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Security Concerns Miss the P2P Point

by Jon Orwant

In the March 19 issue of InfoWorld, columnist P.J. Connolly attacks peer-to-peer computing. He declares himself tired of hearing about it as the next big thing, and I can't fault him for that. I felt the same way about push technology, B2B, agents, and anything involving the word "groupware." I also felt that way about the web, open source, and XML -- three things that also have gotten obscene amounts of press coverage. The difference is that they deserved it, and so does P2P.

Connolly's column is called "Security Watch," and what security folks do is to find fault with technologies. We need more of that. There are so many marketers and journalists bathing technologies in the best light that it's refreshing to read critical analyses. Too often the marketplace doesn't hear -- or understand -- the full story, and we end up with things like hydrogen-filled zeppelins and Microsoft Outlook. Oh, the humanity.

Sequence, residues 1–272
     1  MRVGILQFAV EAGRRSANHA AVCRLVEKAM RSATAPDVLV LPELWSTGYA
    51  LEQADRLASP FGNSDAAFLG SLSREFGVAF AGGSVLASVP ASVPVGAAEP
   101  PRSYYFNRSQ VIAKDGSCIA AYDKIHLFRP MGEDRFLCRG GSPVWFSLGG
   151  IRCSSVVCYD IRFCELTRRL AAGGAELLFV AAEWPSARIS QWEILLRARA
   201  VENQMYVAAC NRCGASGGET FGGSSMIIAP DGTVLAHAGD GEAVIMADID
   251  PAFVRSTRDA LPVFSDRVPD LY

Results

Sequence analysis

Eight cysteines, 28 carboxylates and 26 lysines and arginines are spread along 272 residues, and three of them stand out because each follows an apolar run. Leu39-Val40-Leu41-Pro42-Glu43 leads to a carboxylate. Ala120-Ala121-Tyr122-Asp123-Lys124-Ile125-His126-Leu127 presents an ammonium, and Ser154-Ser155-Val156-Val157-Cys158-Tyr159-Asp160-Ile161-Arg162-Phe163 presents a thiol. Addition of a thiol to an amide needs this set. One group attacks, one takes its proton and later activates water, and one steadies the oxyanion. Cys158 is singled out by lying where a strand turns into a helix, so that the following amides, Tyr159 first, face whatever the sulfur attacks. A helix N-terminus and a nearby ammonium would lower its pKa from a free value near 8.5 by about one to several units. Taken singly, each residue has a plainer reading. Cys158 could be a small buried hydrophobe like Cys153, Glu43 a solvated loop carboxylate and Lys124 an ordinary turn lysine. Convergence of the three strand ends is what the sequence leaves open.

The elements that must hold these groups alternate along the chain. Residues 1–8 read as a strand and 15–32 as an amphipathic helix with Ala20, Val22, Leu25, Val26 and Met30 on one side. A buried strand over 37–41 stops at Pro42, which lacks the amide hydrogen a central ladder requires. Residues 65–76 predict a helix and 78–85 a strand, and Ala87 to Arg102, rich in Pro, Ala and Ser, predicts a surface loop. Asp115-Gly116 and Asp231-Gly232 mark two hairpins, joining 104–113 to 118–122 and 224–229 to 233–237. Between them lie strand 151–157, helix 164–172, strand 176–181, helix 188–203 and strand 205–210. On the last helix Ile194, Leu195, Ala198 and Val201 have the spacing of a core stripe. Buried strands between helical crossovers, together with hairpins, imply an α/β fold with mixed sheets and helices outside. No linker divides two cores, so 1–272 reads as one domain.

And Connolly raises some excellent concerns about the security of some P2P systems. The problem is that his criticisms don't apply to all of them. Furthermore, Connolly ends up falling prey to the notion that P2P is a technology, a misconception that ends up framing P2P in a way that makes one ask the wrong questions. It makes you look for advantages and disadvantages: "If P2P is a technology," the reasoning goes, "is it good or bad? Do I want it or not? What are its competitors?" But P2P is really just an umbrella covering five areas: file sharing, distributed computing, web services, messaging, and gaming. P2P is not a technology; it is a mindset.